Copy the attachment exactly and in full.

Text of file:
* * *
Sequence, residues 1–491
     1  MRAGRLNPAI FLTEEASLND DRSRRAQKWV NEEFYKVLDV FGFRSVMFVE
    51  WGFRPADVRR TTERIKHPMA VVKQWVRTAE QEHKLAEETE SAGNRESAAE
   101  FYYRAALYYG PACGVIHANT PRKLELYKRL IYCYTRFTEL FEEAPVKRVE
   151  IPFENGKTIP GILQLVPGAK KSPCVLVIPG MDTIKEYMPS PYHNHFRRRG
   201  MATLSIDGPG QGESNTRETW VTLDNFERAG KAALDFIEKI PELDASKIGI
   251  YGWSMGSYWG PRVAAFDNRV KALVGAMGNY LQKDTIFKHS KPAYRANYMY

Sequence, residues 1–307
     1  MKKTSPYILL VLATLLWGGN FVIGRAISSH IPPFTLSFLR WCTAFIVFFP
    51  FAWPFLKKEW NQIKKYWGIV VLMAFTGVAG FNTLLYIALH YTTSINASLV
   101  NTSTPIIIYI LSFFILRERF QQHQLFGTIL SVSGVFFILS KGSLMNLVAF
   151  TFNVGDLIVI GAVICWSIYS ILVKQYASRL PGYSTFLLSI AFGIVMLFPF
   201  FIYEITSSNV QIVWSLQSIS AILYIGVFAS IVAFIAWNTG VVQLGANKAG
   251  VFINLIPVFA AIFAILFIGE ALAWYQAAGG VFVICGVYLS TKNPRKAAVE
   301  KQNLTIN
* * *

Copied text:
Sequence, residues 1–491
     1  MRAGRLNPAI FLTEEASLND DRSRRAQKWV NEEFYKVLDV FGFRSVMFVE
    51  WGFRPADVRR TTERIKHPMA VVKQWVRTAE QEHKLAEETE SAGNRESAAE
   101  FYYRAALYYG PACGVIHANT PRKLELYKRL IYCYTRFTEL FEEAPVKRVE
   151  IPFENGKTIP GILQLVPGAK KSPCVLVIPG MDTIKEYMPS PYHNHFRRRG
   201  MATLSIDGPG QGESNTRETW VTLDNFERAG KAALDFIEKI PELDASKIGI
   251  YGWSMGSYWG PRVAAFDNRV KALVGAMGNY LQKDTIFKHS KPAYRANYMY

Sequence, residues 1–307
     1  MKKTSPYILL VLATLLWGGN FVIGRAISSH IPPFTLSFLR WCTAFIVFFP
    51  FAWPFLKKEW NQIKKYWGIV VLMAFTGVAG FNTLLYIALH YTTSINASLV
   101  NTSTPIIIYI LSFFILRERF QQHQLFGTIL SVSGVFFILS KGSLMNLVAF
   151  TFNVGDLIVI GAVICWSIYS ILVKQYASRL PGYSTFLLSI AFGIVMLFPF
   201  FIYEITSSNV QIVWSLQSIS AILYIGVFAS IVAFIAWNTG VVQLGANKAG
   251  VFINLIPVFA AIFAILFIGE ALAWYQAAGG VFVICGVYLS TKNPRKAAVE
   301  KQNLTIN